The entertainment news cycle tends to be so bizarre that even its most seemingly random revelations don’t often come as much of surprise. Jay-Z is ripping off Marina Abramovic in the presence of… Marina Abramovic? Yeah, well, he’s into art these days. Michel Houellebecq is starring in a film about his disappearance during a book tour a few years back? Hey, he’s always been pretty “meta.” And yet, every once in a while, there comes a bit of news strange enough to leave even the most jaded cultural commentator baffled. Like, say, the emergence of Lana Del Rey’s Lady Gaga diss track.
I’ve been processing this story for approximately 24 hours now, trying to get at what — if anything — it means that, back in (according to most guesses) 2009, Lana Del Rey was allegedly angry enough about Lady Gaga’s success to record a song-length diatribe against her. Obviously, this is a fairly unimportant thing to spend so much time pondering — we’re still not even 100% sure it isn’t a sham — but if “So Legit” has been consuming your thoughts, too, then let’s sit down and puzzle through it together, in the format best suited to our mutually addle-brained state: the bulleted list.
- What was happening for Gaga and LDR in 2009? Since The Fame Monster didn’t come out until November of that year, Gaga was most likely still riding the success of 2008’s The Fame, which cleared the double-platinum bar towards the end of 2009. Del Rey, meanwhile, had put out an EP called Kill Kill just a few months after The Fame‘s release… and, well, the fact that, to this day, only serious LDR fans could name that three-song debut tells you pretty much all you need to know about how much press it generated. Del Rey’s next effort, the atrociously titled and equally unsuccessful Lana Del Ray A.K.A. Lizzy Grant, would follow in January 2010 — and her breakthrough single, “Video Games,” was still a couple years off. The woman still known at the time as Lizzy Grant spent 2009 “singing her own songs to little acclaim in Williamsburg watering holes and small Lower East Side venues” — inevitably the same places that so famously nurtured Gaga just a few years earlier.
- Lady Gaga and Lana Del Rey aren’t actually so different from each other. In “So Legit,” it’s the image Gaga has created for herself that LDR seems most interested in attacking. “You were the freak king of the piercing shop,” the song begins, later contrasting Gaga’s early “punk rock” ethos with her jewel-draped post-Fame look. At another moment, Del Rey goes in on her rival’s voice and androgyny: “You’re looking like a man, you’re talking like a baby.” This suggests why Del Rey might have felt such scorn for the woman she addresses as “Stefani.” Not only did their professional circles overlap — to the extent that LDR claims Gaga called her “the queen of the downtown scene” — but they were trying to launch very similar careers, each hoping to sell underground aesthetics back to the pop mainstream.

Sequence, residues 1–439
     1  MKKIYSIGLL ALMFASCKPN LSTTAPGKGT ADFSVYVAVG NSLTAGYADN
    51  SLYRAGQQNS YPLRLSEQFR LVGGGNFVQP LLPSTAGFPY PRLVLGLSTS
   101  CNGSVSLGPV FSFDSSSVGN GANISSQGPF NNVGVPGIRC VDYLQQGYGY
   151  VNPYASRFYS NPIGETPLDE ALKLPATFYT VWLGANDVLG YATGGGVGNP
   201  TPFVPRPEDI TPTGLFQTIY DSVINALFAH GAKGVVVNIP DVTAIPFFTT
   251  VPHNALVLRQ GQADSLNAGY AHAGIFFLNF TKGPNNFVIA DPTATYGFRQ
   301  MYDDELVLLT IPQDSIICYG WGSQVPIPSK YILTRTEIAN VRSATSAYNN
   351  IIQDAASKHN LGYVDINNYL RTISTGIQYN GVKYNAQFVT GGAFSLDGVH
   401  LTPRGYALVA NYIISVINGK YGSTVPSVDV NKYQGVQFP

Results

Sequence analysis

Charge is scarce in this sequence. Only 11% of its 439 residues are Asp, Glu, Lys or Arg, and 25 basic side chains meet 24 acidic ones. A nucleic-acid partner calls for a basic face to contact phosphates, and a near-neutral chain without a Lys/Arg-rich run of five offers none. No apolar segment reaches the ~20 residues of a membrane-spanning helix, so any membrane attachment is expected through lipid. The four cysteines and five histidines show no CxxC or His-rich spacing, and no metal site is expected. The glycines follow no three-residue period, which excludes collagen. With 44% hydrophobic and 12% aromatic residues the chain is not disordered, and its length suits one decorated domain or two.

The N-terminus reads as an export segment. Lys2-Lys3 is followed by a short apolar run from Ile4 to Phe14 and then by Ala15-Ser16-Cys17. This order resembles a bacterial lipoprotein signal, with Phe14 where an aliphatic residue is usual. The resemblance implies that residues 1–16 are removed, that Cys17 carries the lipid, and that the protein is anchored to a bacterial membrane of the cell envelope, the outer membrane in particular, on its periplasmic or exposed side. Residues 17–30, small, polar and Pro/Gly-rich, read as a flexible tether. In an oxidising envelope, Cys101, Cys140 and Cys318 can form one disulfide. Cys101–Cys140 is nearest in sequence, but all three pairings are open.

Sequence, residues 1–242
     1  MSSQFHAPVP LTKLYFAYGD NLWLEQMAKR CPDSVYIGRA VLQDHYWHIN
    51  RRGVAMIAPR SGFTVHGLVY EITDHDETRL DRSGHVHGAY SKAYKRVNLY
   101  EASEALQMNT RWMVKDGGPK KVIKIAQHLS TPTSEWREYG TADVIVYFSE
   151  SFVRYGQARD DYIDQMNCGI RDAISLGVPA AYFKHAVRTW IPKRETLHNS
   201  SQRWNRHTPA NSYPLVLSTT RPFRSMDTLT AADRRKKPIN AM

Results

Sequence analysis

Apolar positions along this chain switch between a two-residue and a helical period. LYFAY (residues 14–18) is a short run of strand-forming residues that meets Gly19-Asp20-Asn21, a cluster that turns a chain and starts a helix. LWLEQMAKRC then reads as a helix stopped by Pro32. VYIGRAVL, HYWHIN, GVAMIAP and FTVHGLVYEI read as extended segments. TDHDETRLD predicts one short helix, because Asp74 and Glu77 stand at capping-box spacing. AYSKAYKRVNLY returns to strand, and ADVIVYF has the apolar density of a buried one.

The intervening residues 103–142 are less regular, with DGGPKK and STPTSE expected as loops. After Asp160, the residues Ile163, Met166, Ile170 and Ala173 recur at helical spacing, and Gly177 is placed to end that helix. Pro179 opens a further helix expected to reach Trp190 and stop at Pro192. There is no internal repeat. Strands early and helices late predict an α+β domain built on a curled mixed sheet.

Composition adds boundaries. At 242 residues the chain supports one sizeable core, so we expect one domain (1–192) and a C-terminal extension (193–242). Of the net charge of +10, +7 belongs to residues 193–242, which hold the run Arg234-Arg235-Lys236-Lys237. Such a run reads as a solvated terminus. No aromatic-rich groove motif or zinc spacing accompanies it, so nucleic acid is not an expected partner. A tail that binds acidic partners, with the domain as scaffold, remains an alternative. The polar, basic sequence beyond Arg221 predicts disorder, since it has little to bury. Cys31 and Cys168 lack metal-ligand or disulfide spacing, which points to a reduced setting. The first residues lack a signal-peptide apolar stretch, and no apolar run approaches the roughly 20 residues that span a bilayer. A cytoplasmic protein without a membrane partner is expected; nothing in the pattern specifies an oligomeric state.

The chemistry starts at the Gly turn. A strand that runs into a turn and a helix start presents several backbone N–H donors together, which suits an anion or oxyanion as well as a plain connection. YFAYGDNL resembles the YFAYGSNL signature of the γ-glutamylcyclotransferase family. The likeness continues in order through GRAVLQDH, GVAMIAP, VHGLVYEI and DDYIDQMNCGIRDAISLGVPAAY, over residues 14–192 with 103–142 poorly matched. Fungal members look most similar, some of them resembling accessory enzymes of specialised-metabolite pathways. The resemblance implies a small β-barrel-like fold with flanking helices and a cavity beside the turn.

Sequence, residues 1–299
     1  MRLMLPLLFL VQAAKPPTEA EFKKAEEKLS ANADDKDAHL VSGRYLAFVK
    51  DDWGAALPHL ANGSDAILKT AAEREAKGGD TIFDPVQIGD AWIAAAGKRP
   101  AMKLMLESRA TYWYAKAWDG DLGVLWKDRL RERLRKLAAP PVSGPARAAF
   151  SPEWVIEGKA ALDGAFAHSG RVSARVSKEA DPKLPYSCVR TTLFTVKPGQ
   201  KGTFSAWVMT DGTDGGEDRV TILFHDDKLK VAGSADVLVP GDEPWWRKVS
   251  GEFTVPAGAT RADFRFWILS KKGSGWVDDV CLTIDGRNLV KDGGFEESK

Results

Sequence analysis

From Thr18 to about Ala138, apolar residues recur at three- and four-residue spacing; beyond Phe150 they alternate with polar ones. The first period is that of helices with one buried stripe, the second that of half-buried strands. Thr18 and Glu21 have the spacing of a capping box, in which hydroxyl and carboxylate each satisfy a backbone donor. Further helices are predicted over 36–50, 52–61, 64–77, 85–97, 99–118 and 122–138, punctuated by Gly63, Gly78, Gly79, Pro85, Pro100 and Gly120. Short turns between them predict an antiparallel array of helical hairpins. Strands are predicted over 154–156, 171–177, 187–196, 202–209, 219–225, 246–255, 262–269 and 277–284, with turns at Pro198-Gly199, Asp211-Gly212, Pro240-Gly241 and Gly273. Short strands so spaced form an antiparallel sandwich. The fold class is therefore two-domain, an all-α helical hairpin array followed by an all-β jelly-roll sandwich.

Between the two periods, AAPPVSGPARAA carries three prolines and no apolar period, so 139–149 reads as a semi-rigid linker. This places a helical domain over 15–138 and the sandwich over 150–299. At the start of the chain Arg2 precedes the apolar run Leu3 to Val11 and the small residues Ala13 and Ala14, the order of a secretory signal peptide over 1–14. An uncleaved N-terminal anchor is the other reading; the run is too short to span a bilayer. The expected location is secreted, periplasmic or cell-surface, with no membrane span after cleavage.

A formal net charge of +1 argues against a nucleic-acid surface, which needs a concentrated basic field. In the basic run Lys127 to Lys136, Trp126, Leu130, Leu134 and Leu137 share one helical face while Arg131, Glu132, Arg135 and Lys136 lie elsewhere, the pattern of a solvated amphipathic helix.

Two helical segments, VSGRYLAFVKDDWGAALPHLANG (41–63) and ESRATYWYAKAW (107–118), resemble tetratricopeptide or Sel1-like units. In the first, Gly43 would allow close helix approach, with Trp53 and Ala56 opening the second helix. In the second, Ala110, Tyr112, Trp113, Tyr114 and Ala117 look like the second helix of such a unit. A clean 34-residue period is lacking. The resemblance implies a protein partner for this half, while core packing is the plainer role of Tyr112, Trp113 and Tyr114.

- Is Lady Gaga partially responsible for the creation of Lana Del Rey? Now this, to me, is where it gets really interesting. “So Legit” helps to prove that LDR is savvier about image than her detractors tend to claim; the fact that she’s capable of deconstructing Lady Gaga’s schtick implies a certain amount of agency in her own transformation from Lizzy Grant into Lana Del Rey. Recorded before she had completed that metamorphosis (some would argue that it will never quite be complete), the song both displays the knowledge that a salable image is essential to success and identifies the aspects of Gaga that Del Rey would define herself against. If Lady Gaga was masculine, for example, Lana Del Rey would take femininity to an extreme.
- And yet, the result is still that signature Lana Del Rey awkwardness. Best represented by that infamous Saturday Night Live pirouette, it’s mild inappropriateness — not smooth gangster-Nancy-Sinatra moves — that have come to define LDR in the popular consciousness. This is what New York‘s Nitsuh Abebe is getting at when he describes her music as “touchingly, delightfully campy.” In “So Legit,” we see that campy awkwardness happening on many levels. There’s a fascinating moment of outsider self-awareness, in which Del Rey guesses that Gaga sought to outshine her because “perhaps you thought I was a little bit even uncool.” There’s a disappointment about the Brooklyn music scene that would read as naïve to anyone who’s spent more than a week in the borough (“What happened to Brooklyn, what happened to New York? / What happened to my scene, what happened to punk rock, rock?”). And then there’s the fact that Lizzy Grant took Stefani Germanotta’s success so personally that she sat down with her guitar and wrote a song about it. Now that is touchingly campy — to the extent that, come to think of it, this pre-“Video Games” track may well be the best single-song guide we have to solving the never-ending mystery that is Lana Del Rey.
And now that we’ve sorted through all these various and conflicting observations (go ahead and unburden yourself in the comments if you have further thoughts), we’re finally free to put our brains to better use.